What's on TV

SHOWS WORTH NOTING FOR AUG. 24-30

Sunday 8/25

Just a Dream (Showtime, 8-9:40 p.m.): Danny Glover's directorial debut is a peach. A 12-year-old white boy (Jeremy Sumpter) befriends his town's only black citizen, a mechanic (Carl Lumbly). The child's bigoted parents are none too pleased, but eventually the child begins to define himself outside his parents parameters. Lovingly made and involving.

RFK (FX, 8-10 p.m.): Bobby comes off much better than big brother Jack in this absorbing – and troubling – dramatization of the last five years of Robert Kennedy's life. Dashing Linus Roache ("The Gathering Storm") stars as the staunch young attorney general who stood up to Hoffa and LBJ, but according to the movie, didn't stand up too well to his brother's memory. The acting and directing are first rate, but the internal dialogues Bobby has with Jack's ghost are presumptuous and melodramatic.

Monday 8/26

Gods and Goddesses (The History Channel, 9-11 p.m.): This engaging documentary takes us back to the origins of the myths of ancient Greeks and explains the development of Greek ethics. Best of all, it reveals an important source of the "hero's journey" – and however much our sense of heroism and the hero has evolved, the Greek ideal is still with us.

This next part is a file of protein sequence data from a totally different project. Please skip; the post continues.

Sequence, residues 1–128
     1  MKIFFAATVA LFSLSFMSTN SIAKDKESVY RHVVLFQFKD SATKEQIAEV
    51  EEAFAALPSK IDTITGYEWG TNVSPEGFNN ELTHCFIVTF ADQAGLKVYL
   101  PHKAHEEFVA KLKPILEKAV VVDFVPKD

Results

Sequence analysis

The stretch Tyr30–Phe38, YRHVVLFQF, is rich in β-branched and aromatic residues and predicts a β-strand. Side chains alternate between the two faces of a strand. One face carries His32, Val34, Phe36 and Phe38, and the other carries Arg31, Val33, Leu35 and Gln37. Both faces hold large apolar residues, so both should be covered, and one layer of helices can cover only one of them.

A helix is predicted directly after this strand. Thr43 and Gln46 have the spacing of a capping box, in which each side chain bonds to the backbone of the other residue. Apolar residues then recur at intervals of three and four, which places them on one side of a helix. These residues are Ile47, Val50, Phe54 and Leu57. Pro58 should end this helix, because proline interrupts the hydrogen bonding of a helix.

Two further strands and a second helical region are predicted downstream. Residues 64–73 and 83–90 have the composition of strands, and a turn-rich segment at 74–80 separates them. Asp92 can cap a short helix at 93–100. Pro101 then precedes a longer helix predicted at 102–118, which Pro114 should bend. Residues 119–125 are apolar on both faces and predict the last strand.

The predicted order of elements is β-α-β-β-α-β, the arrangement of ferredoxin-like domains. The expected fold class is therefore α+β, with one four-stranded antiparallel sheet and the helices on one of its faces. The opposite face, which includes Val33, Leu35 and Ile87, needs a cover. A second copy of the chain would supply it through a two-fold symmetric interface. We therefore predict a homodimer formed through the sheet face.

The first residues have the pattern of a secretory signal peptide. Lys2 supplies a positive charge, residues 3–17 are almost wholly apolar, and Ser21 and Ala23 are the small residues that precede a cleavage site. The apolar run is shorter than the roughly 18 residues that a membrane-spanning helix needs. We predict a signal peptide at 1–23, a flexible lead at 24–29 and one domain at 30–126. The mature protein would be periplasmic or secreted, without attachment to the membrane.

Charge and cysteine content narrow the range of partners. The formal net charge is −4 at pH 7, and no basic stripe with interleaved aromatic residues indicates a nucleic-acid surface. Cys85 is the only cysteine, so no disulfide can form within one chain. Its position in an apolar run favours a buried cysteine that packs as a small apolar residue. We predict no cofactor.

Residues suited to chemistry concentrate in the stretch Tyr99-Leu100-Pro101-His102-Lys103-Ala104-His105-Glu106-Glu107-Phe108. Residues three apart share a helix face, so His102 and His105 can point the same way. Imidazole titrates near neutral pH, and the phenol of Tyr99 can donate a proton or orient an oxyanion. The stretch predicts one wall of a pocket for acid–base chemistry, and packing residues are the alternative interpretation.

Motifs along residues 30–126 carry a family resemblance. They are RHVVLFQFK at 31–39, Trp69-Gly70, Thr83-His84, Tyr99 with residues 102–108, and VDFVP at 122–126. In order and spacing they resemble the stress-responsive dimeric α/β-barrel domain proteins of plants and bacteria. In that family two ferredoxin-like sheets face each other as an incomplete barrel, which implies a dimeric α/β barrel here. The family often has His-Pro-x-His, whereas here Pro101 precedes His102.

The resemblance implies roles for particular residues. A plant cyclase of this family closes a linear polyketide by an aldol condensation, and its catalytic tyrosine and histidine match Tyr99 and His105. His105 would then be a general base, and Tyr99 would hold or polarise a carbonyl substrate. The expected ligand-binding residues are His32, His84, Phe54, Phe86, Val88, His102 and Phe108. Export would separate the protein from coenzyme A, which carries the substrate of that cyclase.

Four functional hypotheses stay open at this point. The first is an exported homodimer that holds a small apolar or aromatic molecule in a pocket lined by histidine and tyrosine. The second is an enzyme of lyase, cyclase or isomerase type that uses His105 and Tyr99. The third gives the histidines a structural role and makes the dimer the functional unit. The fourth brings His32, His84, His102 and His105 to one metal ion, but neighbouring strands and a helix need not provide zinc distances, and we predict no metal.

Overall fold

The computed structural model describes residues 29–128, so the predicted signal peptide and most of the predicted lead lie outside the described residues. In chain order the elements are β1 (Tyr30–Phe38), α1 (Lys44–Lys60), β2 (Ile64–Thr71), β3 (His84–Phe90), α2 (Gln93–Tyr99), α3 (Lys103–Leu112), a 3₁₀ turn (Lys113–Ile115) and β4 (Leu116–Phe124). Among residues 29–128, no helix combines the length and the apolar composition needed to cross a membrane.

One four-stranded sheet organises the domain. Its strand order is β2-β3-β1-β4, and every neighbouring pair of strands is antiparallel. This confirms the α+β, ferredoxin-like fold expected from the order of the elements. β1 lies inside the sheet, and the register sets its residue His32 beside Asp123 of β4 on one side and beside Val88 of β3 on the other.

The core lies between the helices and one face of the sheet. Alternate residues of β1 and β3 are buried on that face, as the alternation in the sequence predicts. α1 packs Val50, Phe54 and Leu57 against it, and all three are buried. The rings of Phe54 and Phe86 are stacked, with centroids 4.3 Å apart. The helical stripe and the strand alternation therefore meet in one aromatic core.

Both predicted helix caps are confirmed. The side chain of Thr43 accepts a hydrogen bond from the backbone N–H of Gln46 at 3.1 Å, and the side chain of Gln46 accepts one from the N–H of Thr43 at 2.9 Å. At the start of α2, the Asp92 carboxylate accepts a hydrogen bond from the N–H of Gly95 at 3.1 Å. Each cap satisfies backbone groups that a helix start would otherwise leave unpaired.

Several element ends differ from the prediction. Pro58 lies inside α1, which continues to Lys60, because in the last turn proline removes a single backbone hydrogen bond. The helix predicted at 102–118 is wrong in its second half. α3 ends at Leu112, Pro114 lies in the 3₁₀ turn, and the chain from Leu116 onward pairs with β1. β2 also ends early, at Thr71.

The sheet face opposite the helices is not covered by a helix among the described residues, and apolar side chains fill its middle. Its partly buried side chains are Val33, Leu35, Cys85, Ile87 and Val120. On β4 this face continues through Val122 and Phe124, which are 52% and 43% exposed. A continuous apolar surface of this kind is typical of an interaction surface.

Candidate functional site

Recommended: Default

Wage Slaves: Nickel and Dimed in America (A&E, 9-11 p.m.): Drawing from Barbara Ehrenreich's "Nickel and Dimed," Investigative Reports introduces five low-wage earners and reveals the face of the working poor. In the past, companies have rewarded hard work and loyalty. But increasingly, businesses are looking at employees as expendable commodities. A once-prosperous single dad has much in common with a cafeteria worker and a receptionist at a woman's shelter.

Wednesday 8/28

Monarch of the Glen (BBC America, 8-11 p.m.): Three back-to-back episodes of the new season are a welcome relief to the summer TV blahs. The dramedy concerns a young Scottish laird – Scottish for "lord" – Archie MacDonald of Glenbogle castle, his aging parents who think it's still the 19th century, and an estate that is falling to ruin. Archie (Alastair Mackenzie) wants to turn his ancestral seat into a tourist attraction before the bank seizes it for the auction block. A hard-nosed businesswoman from the bank and Archie butt heads, but by the end, an interesting new pattern for business emerges.

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